It is desirable to provide a tight threaded connection in which there is a preload between the pin thread faces 15 and box thread faces 16. As noted above, large axial preloads, which are necessary to provide a connector with a high fatigue strength and long fatigue life, cannot be secured through use of conventional torquing equipment. In the present case, the making up of the threaded connection of the connector does not require a high torque to be imposed on the box member and pin member. Instead, after the box member 11 and pin member 10 have been made up into secure threaded engagement with each other, but at a relatively low torque, the normal thread faces 15, 16 are preloaded by exerting appropriate tension on the box and pin members, that is, by exerting an upward force on the box member 11 (as illustrated in the drawings) and a downward force on the pin member 10. While the desired preloading force is being exerted, the box member and pin member are locked in their tensioned or stressed condition by a preload reaction member 24 which may be in the form of a ring having internal square threads 25 meshing with companion external square threads 26 on the pin member 10 located below the lower end or shoulder 27 of the box member. Sufficient torque is applied to the reaction member 24 to firmly engage its shoulder 28 with the lower end 27 of the box member. Thereafter, the tensioning force on the box member and pin member can be relieved, the preload between the normal faces 15, 16 being retained by the reaction member 24, as disclosed in FIGS. 2 and 3.
The axial preload is applied by a preloading tool 29 which is caused to engage a flange 30 on the box member 11 and also a flange 31 on the pin member 10. These flanges are oppositely arranged with respect to each other, and have their inner surfaces 32 tapered in a direction toward each other to provide acute angle upper and lower grooves 33 with respect to the adjacent peripheries 34 of the box member and pin member. Each groove, in effect, is undercut to provide a circumferentially continuous hook-like flange.
The preloading tool 29 illustrated in the drawings includes an upper frame 35 and a lower frame 36, each of which is split into two halves 37, 38 in clam shell fashion. Each of the frames is adapted to fit around the connector, as described hereinbelow. At one side the halves of each frame are secured together by a hinge pin 39 to enable the frame halves to swing relative to each other. When the frame halves of each frame are closed around the pin or box, as described hereinbelow, they are secured in the closed position by a lock pin 40, which is readily removable. As disclosed most clearly in FIG. 2, each lock pin has an upper head 41 adapted to bear against an upwardly directed surface 42 of one of the frame halves, the pin shank 43 extending through aligned holes in the frame halves to secure them together in the position illustrated in the FIGS. 1 and 2.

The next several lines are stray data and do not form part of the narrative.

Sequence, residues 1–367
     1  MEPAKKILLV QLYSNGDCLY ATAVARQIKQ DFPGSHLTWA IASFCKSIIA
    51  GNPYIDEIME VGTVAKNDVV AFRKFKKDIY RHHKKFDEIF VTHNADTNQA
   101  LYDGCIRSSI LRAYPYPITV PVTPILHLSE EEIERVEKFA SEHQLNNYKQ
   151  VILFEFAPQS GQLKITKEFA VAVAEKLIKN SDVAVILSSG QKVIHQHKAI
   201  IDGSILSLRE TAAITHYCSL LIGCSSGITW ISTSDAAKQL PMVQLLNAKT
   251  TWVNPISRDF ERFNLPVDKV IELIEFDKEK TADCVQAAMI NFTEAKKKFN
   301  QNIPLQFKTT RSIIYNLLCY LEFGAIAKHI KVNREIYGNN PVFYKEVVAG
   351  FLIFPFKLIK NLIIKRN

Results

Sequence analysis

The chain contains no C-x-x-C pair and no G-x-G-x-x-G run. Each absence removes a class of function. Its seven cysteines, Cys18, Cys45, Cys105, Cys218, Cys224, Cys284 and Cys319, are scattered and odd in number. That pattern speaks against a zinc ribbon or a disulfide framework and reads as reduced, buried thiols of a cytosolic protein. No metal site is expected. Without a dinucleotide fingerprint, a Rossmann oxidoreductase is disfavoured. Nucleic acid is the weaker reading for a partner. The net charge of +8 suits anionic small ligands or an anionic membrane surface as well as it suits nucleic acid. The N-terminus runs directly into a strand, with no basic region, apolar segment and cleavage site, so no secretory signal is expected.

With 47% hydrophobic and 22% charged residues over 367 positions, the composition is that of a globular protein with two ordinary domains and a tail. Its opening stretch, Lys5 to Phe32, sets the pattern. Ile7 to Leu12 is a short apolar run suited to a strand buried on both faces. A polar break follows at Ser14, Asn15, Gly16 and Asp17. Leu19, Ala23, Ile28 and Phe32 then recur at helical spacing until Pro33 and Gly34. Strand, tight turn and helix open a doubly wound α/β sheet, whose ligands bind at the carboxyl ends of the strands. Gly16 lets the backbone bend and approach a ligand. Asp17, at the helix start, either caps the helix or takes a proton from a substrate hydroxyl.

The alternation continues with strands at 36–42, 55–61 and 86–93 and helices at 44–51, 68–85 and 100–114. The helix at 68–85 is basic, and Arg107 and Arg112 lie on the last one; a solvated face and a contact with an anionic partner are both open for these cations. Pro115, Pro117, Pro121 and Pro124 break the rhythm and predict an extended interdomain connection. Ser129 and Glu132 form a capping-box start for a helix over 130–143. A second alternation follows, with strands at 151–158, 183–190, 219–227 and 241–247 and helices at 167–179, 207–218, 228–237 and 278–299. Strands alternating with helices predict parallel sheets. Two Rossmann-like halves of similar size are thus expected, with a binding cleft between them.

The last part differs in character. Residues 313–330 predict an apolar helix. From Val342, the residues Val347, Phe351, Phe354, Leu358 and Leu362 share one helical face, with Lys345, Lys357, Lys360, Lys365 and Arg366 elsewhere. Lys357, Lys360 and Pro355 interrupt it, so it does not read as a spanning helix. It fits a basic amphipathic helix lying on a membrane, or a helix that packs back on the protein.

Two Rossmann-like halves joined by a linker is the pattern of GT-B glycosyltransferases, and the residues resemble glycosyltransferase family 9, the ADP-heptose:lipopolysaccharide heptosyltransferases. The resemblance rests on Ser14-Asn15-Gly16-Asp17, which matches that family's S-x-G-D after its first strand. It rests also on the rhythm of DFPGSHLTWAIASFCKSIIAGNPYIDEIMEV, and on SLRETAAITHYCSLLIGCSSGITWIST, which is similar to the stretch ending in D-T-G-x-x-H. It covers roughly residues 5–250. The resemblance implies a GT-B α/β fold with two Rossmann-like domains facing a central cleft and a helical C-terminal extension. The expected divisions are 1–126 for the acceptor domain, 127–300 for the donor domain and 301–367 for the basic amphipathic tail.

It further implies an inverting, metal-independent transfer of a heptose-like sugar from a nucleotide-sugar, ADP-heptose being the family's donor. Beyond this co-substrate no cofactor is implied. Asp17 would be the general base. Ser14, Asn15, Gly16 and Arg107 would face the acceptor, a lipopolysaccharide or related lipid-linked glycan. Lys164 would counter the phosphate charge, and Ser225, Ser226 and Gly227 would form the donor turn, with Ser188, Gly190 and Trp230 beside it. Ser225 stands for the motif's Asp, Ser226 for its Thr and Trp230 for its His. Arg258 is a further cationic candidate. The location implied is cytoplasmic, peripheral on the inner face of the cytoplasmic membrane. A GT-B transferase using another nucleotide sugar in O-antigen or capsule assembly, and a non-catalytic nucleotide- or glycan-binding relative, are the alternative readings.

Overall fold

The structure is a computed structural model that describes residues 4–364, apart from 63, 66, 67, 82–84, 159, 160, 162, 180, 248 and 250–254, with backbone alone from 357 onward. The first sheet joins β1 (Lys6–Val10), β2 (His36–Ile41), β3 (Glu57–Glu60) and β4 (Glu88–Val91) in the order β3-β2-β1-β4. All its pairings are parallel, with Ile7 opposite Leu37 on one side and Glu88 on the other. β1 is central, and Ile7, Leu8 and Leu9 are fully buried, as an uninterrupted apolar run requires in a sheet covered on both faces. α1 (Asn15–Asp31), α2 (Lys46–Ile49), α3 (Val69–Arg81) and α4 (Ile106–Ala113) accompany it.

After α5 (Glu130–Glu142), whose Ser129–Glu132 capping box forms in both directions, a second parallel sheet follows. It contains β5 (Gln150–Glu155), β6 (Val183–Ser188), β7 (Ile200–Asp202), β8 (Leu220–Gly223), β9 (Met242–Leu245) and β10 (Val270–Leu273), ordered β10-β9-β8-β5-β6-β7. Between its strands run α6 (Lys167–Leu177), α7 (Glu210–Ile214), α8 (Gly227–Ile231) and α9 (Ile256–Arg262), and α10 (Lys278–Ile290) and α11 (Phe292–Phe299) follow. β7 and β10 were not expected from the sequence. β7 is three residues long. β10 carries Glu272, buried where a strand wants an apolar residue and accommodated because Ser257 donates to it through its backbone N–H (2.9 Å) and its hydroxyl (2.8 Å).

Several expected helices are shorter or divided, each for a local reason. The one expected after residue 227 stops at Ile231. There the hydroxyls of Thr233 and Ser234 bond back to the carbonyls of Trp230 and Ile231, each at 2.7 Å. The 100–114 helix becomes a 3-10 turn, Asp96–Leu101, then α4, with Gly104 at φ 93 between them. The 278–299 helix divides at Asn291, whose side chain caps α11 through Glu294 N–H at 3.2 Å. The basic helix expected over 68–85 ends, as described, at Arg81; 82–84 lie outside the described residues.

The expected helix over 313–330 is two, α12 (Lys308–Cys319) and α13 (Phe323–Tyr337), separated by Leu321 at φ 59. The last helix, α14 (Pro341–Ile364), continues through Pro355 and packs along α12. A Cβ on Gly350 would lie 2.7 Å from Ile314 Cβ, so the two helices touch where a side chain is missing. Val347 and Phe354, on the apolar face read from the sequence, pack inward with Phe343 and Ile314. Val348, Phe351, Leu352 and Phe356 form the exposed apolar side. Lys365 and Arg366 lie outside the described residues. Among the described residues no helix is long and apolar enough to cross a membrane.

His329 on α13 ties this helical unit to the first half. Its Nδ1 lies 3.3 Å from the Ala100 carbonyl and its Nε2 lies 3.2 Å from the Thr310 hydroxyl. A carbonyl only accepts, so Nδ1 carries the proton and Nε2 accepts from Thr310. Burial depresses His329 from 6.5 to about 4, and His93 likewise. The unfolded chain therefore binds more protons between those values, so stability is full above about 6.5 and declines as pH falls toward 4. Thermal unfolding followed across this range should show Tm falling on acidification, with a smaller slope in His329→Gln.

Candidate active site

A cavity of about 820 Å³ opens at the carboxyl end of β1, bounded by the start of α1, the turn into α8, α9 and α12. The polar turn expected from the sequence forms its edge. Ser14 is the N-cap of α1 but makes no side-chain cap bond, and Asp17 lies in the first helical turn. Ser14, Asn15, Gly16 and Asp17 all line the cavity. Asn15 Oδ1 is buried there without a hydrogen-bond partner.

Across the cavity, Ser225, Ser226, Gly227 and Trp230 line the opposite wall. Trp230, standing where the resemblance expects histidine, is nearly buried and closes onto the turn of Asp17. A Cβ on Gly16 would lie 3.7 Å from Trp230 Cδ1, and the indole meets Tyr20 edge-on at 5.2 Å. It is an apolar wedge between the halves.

The upper and lower frames 35, 36 extend axially toward each other, each frame including circumferentially spaced hook portions 44 adapted to coact with a companion tapered flange 30 or 31. As disclosed, the upper frame or reaction ring 35 has its hook portions 44 located under the upper tapered flange 30 on the box member, the hooks having a tapered surface 45 conforming to the taper of the upper flange. Similarly, the lower frame 36 has its hook portions disposed above the tapered flange 31 of the pin member, these hook portions having a tapered surface 46 conforming to the tapered surface 32 of the lower flange 31.
The preloading tool 29 includes a plurality of circumferentially spaced longitudinally disposed cylinders 50, each of which contains a piston 51 secured to a piston rod 52 that extends upwardly through the upper rod end 53 of the cylinder. Each cylinder includes a lower head 54 having spaced arm portions 55 straddling a radial projection or ear 56 of the lower frame member 36, the arm portions and projection being secured together by a pin 57. Similarly, the upper portion of each piston rod 52 is bifurcated and straddles an upper radial projection or ear 58 of the frame 35, being secured to the projection by means of a pin 59.
Fluid, such as a hydraulic fluid under pressure, is introduced through a lower line 60 into the lower end of each cylinder to shift the piston 51 upwardly in each cylinder and thereby exert an upward force on the upper frame 35. Simultaneously, the fluid under pressure is acting on the lower cylinder heads 54 to urge the lower frame 36 in a downward direction. Relative movement between the cylinder and piston of each cylinder and piston combination in the opposite direction is obtained by bleeding the fluid under pressure from the lower cylinder head through the line 60 and introducing fluid under pressure through an upper line 61 communicating with the piston rod end of the cylinder.